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Sep27

Can a salaried exempt employee take unpaid time off

I have a salaried exempt employee in the state of Virginia who has used all of her vacation and personal paid time off and would like to take 3 days unpaid time off. Can we back into an hourly rate and then pay her less for those 3 days? Can we take the 3 days pay off as a deduction (employee requested deduction). Also – if the employee requests this due to a two-week long illness can we take 1 day unpaid for the next several pays? What are the laws on this?

We would love to anwer this question for you, but we need more information. Is the employee taking this time off for personal business, illness or as vacation? Do you offer a bona fide paid sick leave program, or only vacation and personal time? Does the employee qualify for FMLA? Does she have a disability that might qualify for ADA? Why does the employee want the time off?

Generally speaking, it is not a good idea to pay the employee this week and deduct one days pay for each of the next 3 payperiods. You would basically be loaning the employee money, and should complete the same contract that you would require her to sign for a car loan from the company to the employee. Even then, it could be problematic to collect the money owed if the employee quit before it was all repaid.

No, you cannot switch this employee between hourly and exempt status. Once you pay her hourly, she is permanently non-exempt and entitled to overtime. In addition, the U.S. Department of Labor might see this as an indication that the employee always was non-exempt, and is owed overtime for the past 2 years.

There are options available — post another question with more specifics for a more detailed answer.

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5 Responses to “Can a salaried exempt employee take unpaid time off”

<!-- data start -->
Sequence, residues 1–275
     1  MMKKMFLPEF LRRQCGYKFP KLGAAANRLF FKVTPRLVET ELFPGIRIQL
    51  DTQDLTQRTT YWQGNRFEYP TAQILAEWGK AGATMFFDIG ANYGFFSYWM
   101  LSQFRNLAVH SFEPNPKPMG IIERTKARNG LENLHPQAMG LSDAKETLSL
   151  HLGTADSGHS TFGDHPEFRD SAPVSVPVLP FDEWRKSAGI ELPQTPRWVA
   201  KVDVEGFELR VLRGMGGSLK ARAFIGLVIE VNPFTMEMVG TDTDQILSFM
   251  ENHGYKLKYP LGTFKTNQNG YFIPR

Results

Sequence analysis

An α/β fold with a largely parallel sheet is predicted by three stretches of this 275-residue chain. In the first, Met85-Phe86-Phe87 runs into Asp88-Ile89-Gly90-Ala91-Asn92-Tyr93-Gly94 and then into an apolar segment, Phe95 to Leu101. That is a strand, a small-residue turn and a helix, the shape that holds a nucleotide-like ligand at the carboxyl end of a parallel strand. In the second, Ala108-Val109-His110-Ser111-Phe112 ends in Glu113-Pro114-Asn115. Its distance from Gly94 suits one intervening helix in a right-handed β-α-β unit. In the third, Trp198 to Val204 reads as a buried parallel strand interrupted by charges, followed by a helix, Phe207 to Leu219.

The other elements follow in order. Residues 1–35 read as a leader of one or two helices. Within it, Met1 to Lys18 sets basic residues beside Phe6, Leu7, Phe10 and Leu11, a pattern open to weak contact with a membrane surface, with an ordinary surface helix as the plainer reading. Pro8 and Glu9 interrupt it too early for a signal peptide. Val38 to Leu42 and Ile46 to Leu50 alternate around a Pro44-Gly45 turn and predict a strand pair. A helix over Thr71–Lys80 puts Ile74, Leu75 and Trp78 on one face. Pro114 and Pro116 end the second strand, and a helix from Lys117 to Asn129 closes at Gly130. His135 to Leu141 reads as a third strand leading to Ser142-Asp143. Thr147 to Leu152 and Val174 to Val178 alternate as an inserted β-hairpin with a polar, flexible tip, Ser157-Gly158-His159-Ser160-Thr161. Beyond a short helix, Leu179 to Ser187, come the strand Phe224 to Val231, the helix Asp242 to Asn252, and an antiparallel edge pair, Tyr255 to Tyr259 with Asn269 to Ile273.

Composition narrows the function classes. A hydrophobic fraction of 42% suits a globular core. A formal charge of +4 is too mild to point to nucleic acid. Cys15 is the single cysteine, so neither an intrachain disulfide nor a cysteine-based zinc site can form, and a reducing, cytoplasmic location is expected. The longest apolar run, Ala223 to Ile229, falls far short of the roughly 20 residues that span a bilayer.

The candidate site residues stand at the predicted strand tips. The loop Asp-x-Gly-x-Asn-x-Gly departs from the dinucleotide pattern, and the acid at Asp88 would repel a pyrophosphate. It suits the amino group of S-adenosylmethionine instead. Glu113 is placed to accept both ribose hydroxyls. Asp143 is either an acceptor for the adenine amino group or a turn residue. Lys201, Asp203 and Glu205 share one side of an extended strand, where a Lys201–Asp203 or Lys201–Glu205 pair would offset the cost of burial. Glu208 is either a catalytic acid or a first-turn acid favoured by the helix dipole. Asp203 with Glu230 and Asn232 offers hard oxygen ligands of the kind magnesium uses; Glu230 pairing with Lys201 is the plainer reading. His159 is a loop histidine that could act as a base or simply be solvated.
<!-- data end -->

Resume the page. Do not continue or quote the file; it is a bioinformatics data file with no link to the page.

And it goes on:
1. » Can a salaried exempt employee take unpaid time off Human … « Human Resources 123 Says:

    [...] post: » Can a salaried exempt employee take unpaid time off Human … Comments [...]

  2. Lisa Says:

    We have a similar problem. The exempt employee has used all their PTO/Vacation. The required day off was for a sick, no requirement for FMLA or ADA. The employee requested to use 1 day of UPTO. Since the employee is salaried, I am not sure how to do this.

  3. Caitlin Says:

    Hi Lisa! This is actually a fairly common problem with a simple solution. As long as an employer offers a bona fide paid sick leave program, an exempt employee need not be paid when she has exhausted all sick leave and takes additional days off due to illness. If the employee normally works 5 days per week, and misses one day, you can pay her just 4/5 of her usual salary.

    If the exempt employee works even 5 minutes that day, even checking her email from home, she is entitled to her full days salary. However, if she does no work at all, you need not pay her for the day. Different rules would apply if the employee was available to work on this day, but she is not.

    Most employers would also write up the employee for excessive absences when the employee has exceeded all of her paid time off, does not qualify for FMLA or ADA yet is still absent. HTH, and thanks for reading the blogs!~ Caitlin

  4. Jackie Says:

    Caitlin, what happens if a company has a policy that if an exempt employee calls in sick, but check their email from home, or does any work, they do not pay them. Only if the employee steps foot in the office do they get paid (so, for example, I come in sick, but am sent home after being at work for 10 minutes, I am paid for the day. If I call in sick, I have to take PTO or go unpaid). Are they allowed to do this?

  5. Caitlin Says:

    Hi Jackie! The federal FLSA requires that an exempt employee who does any work at all during the day, even a few minutes of work, be paid his or her entire salary for the day. This is true even if the work is done from home. Company policy does not override federal regulations.
    When an exempt employee works just a few minutes from home, the company can require that the exempt employee use PTO for the day. However, if the exempt employee has no PTO remaining, he or she must still be paid for the day. The employee can be disciplined for excessive absenteeism, but must still be paid for any day in which the employee performs any work at all, even from home. The company could implement a policy that exempt employees are not permitted to work from home checking email, etc. but as long as this type of work is permitted, the employer must pay for it.
    If the company refuses to pay the exempt employee who works even a few minutes, even from home, they are in violation of the federal FLSA. In addition, they are treating this employee like a non-exempt worker, which might make them liable for unpaid overtime for the past 2 to 3 years.
    Even if the employee has agreed to another policy in writing, private agreements do not overrule federal regulations. HTH, and thanks for reading the blogs!~ Caitlin

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